Sand swirled against the windshield and I pushed the accelerator harder into the car's floorboard. My navigator barked a flurry of commands at me from the passengers seat over the engine's high rpm whine: "?medium right, up hill to slow left?" We were banging our way through a 24-hour road race in Egypt. I gripped the Subaru's steering wheel as we hand-braked into a long power-slide around the Sphinx.
"What's our position?" My wingman confirmed our third place spot in his thick British accent. He pointed west off the course and gave me a deeply reassuring nod. On faith I pulled the wheel hard and saw what he was gunning for. There were two white tigers chained in place to the desert floor and we went airborne off a dune, flying in between them. Landing hard and feeling one of our axles give, I stopped the car and flipped the restraints off my shoulders.
After climbing through the window a division of U.S. Marines made their presence known and escorted me to a massive circus tent. An assistant of some sort dumped an armload of expensive camera gear on me and told me that I was late. He led me into the tent and I saw hundreds of studio lights trained on a platform. Flipping one of the cameras on I approached the platform and saw that Britney Spears was playing chess with Christina Aguilera. They were using a set of oversized glass pieces on a large marble board.
"You're late," Britney noted, clearly bored. Christina shot me a pouty-mad look and then ignored me, diverting her glance to a television. Don Imus was on MSNBC wearing his signature cowboy hat and sunglasses and mumbling something about kids downloading MP3s from the Internet. A butler approached me from the shadows carrying a silver platter and offered its contents to me. A small white box with the words "Allergy Sinus Pain Reliever" printed in plain black font.
Between my groggy medicine nap and being half awake I had just enough time to realize that generic drugs are just another form of class warfare. On my couch in front of the television I realized what was going on. Illness. Not at work.
Sick days are a Buddhist exercise. They allow you to focus all of your senses, separate yourself from distractions and concentrate on how really crappy you feel. In the privacy of my own home I can wallow in my disease and quarantine myself back to health. Every time I swallow it feels like oil-coated gravel is lodged in my throat. This has affected my diet.
In my system are the following items: Alka-Seltzer Nose and Throat, Haagen-Das mango sorbet, Kroger Pain Reliever Allergy Sinus, low-fat cottage cheese with pineapples, Advil and a few hundred ice-pops. Being sick is one thing but to have this combination ripping through your bloodstream makes for an interesting perspective on the world.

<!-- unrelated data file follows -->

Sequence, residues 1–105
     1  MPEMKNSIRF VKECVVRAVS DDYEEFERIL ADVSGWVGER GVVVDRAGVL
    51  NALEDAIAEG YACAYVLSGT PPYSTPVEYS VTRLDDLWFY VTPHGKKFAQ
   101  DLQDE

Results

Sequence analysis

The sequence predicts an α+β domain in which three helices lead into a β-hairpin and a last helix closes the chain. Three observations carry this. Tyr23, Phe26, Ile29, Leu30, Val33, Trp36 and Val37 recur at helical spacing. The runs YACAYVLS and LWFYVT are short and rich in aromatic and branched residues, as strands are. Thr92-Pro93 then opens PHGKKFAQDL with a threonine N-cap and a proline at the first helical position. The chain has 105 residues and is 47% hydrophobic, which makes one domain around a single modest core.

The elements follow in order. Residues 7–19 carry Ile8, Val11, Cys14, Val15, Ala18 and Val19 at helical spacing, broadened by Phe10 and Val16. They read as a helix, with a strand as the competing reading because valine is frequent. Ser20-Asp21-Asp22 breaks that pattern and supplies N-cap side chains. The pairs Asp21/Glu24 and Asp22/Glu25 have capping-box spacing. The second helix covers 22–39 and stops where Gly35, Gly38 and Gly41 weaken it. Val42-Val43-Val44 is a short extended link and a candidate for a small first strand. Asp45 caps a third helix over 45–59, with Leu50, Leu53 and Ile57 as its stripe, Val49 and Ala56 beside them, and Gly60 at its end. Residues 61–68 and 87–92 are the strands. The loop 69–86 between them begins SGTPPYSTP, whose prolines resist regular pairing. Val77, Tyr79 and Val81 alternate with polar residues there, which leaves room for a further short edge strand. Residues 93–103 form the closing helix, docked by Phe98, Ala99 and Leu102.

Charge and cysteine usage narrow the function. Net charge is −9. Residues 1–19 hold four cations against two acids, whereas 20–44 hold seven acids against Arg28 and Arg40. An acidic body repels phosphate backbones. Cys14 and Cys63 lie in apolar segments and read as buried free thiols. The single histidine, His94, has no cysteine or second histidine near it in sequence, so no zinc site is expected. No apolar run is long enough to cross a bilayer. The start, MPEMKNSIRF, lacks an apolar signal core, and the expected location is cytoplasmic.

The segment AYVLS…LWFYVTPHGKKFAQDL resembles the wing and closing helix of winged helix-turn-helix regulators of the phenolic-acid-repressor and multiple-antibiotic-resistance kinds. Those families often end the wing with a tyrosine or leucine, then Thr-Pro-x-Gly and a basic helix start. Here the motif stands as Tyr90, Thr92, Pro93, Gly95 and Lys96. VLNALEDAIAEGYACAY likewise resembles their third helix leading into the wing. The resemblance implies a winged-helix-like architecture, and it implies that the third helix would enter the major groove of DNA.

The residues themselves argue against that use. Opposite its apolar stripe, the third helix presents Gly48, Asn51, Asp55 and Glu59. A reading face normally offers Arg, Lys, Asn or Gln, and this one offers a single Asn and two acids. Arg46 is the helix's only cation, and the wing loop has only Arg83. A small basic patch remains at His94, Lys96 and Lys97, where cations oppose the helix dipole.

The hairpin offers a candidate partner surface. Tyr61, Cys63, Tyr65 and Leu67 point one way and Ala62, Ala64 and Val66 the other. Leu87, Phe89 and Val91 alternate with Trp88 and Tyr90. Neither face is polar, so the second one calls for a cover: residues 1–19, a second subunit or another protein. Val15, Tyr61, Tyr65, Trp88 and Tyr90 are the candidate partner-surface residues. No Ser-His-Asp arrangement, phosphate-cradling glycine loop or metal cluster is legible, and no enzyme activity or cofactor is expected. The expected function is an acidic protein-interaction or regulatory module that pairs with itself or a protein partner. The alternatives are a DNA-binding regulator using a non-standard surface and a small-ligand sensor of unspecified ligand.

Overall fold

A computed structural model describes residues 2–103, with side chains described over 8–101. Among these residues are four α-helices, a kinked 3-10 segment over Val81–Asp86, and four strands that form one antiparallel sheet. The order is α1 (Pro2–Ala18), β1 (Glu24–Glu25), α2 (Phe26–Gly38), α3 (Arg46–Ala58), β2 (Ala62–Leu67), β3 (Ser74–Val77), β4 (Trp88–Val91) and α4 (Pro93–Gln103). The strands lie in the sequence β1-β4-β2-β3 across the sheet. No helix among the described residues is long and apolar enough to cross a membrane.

Channel surfing in the living room is less dramatic than lying in bed so I subject myself to daytime television. Arnold has given me his victory speech a dozen times and I'm actually starting to get comfortable with the idea that he's the Governor of Cal-e-for-nyah. Not only am I at peace with this, but I'm starting to like his positions. A fiscal conservative and social moderate who's got Republicans cheering in front of him and Democrats cheering on the platform behind him. Sign me up ?Arnold for President! If Democrats can forgive Bill Clinton for his Oval Office playtime then surely they can sit down and break bread with Arnold's skeletons.
Having seen enough red, white and blue balloons I flip the channel once, then twice, three times. Here's where the LA Times and the Martha Burkes should train their ray guns! Commercials for cleaning products starring happy housewives dancing to the beat and cleaning with a plastic smile locked on their faces. What is this oppressive message? Leave Arnold's decades of coy toying alone and take a look over here. Without this or that particular disinfectant sprayed by the loving hand of mom the entire family unit will fall to ruin? Stay home with your Swiffer? All of this is starting to wear me down.
Falling back into a hazy sleep I think about getting back to work tomorrow. The trials of the workday seem like child's play next to the unrelenting assault of this dream and television stew that's sustaining me. It's very hard to swallow.
Rob Felt is the photographer for the Daily Herald. He can be reached at (770) 957-9161 or via e-mail at firstname.lastname@example.org.